Removal of the artificial surfing reef that was constructed in El Segundo has begun.
The artificial surfing reef was built as mitigation for lost surfing resources when Chevron built a groin and added sand to the beach north of the El Segundo Refinery. Tom Pratte, a founding member of the Surfrider Foundation, convinced the Coastal Commission to include conditions in the permit for construction of the groin with associated beach fill to include monitoring and mitigation of the nearby surf if it was adversely impacted.
After 6 years of independent monitoring the California Coastal Commission determined that the surfing resources had been adversely impacted and they required Chevron to mitigate for the lost surfing. After years of negotiation between Chevron, the Coastal Commission and the Surfrider Foundation it was agreed that the mitigation would be through the construction of an artificial surfing reef.
The reef was constructed in 2000 and 2001. Surfing and nearshore coastal processes were monitored extensively for 2 years and then annually thereafter.
The experimental reef was permitted for a 10-year period ending in 2010. In addition to not improving the surf quality of the break, some of the geotextile bags that make up the artificial reef are beginning to deteriorate.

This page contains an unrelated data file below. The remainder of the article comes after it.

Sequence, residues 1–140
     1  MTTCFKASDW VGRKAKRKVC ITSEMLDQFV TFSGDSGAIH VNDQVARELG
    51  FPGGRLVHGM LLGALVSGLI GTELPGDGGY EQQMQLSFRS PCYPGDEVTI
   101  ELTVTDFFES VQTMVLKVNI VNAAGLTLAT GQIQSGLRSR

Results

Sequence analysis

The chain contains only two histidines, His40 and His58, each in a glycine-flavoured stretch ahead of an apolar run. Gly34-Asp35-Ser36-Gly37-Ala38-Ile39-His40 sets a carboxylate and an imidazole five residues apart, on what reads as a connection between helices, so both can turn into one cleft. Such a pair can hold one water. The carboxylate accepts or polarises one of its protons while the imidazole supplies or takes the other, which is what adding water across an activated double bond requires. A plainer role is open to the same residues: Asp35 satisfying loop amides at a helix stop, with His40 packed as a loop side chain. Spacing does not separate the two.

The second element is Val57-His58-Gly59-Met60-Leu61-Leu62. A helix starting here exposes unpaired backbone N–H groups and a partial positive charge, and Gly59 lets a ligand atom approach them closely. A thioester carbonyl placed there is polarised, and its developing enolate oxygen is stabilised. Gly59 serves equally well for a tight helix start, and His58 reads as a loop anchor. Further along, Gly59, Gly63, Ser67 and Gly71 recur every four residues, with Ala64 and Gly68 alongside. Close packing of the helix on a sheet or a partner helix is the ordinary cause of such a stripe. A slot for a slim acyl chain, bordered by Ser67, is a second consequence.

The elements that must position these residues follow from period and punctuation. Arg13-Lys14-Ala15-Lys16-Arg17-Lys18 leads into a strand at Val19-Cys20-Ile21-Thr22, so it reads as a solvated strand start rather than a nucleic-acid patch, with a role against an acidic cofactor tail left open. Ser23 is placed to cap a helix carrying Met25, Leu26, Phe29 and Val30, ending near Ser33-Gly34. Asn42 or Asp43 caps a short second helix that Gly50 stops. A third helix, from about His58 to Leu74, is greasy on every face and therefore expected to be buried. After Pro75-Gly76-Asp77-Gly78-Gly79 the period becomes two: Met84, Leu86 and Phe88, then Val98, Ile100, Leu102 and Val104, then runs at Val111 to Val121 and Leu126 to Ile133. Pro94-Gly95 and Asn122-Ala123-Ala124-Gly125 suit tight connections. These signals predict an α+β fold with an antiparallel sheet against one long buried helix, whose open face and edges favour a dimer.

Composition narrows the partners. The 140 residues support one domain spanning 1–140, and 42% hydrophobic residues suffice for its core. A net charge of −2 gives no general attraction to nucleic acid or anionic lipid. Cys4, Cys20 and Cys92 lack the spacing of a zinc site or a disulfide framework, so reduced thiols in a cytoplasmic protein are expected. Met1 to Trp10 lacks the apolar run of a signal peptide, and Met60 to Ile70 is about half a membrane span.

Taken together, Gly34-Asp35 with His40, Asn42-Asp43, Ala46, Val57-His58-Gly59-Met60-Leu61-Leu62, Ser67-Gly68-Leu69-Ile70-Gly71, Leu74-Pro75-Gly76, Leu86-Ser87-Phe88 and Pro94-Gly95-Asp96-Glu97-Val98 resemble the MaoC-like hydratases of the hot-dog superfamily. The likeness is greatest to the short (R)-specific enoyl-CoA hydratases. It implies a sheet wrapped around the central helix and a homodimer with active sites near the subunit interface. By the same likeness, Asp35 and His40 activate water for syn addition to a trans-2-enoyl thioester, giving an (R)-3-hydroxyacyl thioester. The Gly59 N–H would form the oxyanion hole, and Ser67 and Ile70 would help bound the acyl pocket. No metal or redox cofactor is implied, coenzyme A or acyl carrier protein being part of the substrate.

The Surfrider Foundation believes that the removal of this artificial reef is necessary to be consistent with our mission to protect the world’s oceans, waves and beaches. Because some of the bags are damaged and others are beginning to decompose we want to remove them before the synthetic materials that make up the reef bags are discharged into the marine environment.
While the artificial surf reef did nothing to improve the surf in El Segundo, the project highlighted the need for protection of existing surf breaks, and helped the California Coastal Commission recognize surfing breaks as natural recreational resources that are worthy of protection.
Here are some additional details about the artificial reef removal:
The removal process will begin on Tuesday, September 30 and finish Friday, October 17th.
The removal project is being directed by Coastal Frontiers Corporation, a Los Angeles-based coastal engineering firm with extensive experience in the installation and removal of geotextile containers from the marine environment
A professional dive crew from American Marine Corporation will conduct the underwater portion of the artificial reef removal process
Personnel from Morrissey Construction Company will bring the bags ashore and assure of their proper disposal
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